Display Settings:

Format

Send to:

Choose Destination
We are sorry, but NCBI web applications do not support your browser and may not function properly. More information
Magn Reson Med. 2011 Dec;66(6):1697-703. doi: 10.1002/mrm.22938. Epub 2011 May 23.

T2 exchange agents: a new class of paramagnetic MRI contrast agent that shortens water T2 by chemical exchange rather than relaxation.

Author information

  • 1Advanced Imaging Research Center, University of Texas Southwestern Medical Center, Dallas, Texas 75390-8568, USA.

Abstract

Exchange of water molecules between the frequency-shifted inner-sphere of a paramagnetic lanthanide ion and aqueous solvent can shorten the T(2) of bulk water protons. The magnitude of the line-broadening T(2) exchange (T(2exch)) is determined by the lanthanide concentration, the chemical shift of the exchanging water molecule, and the rate of water exchange between the two pools. A large T(2exch) contribution to the water linewidth was initially observed in experiments involving Eu(3+)-based paramagnetic chemical exchange saturation transfer agents in vivo at 9.4 T. Further in vitro and in vivo experiments using six different Eu(3+) complexes having water exchange rates ranging from zero (no exchange) to 5 × 10(6) s(-1) (fast exchange) were performed. The results showed that the exchange relaxivity (r(2exch)) is small for complexes having either very fast or very slow exchange, but reaches a well-defined maximum for complexes with intermediate water exchange rates. These experimental results were verified by Bloch simulations for two site exchange. This new class of T(2exch) agent could prove useful in the design of responsive MRI contrast agents for molecular imaging of biological processes.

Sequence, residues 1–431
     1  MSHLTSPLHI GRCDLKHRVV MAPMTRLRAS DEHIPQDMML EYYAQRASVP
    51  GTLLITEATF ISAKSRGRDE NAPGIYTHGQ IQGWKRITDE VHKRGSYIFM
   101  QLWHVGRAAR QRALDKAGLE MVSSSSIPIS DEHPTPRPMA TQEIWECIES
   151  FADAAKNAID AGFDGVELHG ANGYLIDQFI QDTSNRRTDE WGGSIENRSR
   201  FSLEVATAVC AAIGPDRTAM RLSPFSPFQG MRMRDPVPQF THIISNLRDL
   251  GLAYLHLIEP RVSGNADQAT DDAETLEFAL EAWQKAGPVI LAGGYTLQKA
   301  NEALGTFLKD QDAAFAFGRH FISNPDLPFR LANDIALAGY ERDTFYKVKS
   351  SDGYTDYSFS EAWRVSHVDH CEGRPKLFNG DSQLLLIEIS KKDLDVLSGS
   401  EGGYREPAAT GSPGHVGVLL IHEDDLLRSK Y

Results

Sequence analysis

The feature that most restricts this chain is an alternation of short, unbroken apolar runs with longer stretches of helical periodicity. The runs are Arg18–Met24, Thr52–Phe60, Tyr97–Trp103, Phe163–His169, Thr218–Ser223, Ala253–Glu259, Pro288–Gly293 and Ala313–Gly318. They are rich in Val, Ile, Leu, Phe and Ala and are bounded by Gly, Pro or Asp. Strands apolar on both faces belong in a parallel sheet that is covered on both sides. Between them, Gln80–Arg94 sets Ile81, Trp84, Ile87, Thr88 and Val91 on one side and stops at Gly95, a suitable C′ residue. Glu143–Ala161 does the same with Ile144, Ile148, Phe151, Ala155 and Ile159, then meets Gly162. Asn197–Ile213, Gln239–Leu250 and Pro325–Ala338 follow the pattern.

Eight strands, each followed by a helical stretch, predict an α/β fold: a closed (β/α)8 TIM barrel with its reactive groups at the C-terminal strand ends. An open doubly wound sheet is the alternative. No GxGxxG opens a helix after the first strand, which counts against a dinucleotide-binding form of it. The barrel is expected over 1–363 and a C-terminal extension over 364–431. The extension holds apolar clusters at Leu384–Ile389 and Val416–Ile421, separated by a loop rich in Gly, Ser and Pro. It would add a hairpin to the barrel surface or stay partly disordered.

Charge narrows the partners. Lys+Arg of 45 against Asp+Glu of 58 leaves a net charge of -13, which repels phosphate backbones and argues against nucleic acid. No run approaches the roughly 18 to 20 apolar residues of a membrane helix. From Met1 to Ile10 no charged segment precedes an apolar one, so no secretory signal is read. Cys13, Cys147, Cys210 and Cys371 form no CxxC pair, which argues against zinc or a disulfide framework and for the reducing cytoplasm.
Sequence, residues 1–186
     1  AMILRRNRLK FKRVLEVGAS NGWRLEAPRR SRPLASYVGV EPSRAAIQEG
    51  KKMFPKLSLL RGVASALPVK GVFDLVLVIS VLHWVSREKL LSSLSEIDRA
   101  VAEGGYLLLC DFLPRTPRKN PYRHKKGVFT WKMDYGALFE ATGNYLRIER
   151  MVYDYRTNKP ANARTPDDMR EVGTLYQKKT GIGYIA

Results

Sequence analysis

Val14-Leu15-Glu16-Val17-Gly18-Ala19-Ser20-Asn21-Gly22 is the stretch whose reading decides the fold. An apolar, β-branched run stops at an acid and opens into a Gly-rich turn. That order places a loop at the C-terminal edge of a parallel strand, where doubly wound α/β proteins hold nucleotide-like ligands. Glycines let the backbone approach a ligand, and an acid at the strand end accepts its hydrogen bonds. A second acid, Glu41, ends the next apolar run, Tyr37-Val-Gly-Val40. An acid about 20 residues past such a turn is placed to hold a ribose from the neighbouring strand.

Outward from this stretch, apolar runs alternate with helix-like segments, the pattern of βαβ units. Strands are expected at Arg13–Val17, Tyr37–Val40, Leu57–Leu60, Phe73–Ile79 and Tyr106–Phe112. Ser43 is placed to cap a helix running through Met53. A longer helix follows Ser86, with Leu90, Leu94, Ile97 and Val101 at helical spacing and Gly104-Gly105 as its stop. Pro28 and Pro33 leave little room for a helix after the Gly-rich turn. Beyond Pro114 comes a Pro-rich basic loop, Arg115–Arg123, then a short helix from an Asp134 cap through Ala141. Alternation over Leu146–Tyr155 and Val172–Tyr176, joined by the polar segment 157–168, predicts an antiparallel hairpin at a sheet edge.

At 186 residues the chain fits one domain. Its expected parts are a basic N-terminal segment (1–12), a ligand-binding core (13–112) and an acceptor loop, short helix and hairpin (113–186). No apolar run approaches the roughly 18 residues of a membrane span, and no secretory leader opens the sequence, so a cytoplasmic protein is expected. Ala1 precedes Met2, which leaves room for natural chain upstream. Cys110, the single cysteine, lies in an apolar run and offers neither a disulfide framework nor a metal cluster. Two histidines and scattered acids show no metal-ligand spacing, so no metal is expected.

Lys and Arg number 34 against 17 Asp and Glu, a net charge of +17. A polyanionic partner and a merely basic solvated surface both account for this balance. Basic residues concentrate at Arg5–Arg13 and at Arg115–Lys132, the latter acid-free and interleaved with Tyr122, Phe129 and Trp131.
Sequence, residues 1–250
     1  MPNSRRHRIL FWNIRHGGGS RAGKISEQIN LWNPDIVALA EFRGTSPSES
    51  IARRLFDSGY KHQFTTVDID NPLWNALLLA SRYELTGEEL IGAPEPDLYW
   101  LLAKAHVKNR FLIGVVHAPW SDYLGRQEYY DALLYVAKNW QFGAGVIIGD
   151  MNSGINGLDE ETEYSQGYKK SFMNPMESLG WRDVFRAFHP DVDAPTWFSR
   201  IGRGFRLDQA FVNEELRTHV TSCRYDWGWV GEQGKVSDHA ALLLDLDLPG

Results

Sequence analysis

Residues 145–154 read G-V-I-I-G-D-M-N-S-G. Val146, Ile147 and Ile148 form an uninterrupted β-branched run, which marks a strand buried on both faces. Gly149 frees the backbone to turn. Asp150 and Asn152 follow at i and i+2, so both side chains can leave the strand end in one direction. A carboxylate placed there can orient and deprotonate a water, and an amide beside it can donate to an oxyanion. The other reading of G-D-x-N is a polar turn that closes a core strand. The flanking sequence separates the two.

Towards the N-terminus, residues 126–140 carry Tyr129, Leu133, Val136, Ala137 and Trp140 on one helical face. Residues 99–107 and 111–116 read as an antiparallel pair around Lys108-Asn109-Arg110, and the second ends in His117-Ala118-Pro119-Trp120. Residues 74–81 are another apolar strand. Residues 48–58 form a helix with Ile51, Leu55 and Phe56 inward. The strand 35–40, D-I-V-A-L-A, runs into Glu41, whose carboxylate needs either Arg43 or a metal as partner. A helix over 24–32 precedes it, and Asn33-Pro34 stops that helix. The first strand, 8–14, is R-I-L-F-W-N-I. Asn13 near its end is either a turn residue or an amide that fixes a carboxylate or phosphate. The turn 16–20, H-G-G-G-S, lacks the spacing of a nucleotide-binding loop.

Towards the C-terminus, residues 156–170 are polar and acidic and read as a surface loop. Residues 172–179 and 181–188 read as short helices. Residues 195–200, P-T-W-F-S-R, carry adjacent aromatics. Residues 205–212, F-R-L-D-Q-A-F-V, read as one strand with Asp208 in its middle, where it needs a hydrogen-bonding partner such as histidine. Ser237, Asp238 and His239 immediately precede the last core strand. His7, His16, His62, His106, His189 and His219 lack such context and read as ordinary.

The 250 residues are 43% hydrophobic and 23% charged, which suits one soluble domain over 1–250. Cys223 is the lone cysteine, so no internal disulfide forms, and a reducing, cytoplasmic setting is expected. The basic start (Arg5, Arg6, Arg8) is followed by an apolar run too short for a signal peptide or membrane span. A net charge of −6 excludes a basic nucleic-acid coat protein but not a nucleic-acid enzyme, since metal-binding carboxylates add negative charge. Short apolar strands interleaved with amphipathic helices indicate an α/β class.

Copyright © 2011 Wiley Periodicals, Inc.

PMID:
21608031
[PubMed - indexed for MEDLINE]
PMCID:
PMC3799788
Free PMC Article

Images from this publication.See all images (5)Free text

FIG. 1
FIG. 2
FIG. 3
FIG. 4
FIG. 5
PubMed Commons home

PubMed Commons

0 comments
How to join PubMed Commons

    Supplemental Content

    Icon for John Wiley & Sons, Inc. Icon for PubMed Central
    Loading ...
    Write to the Help Desk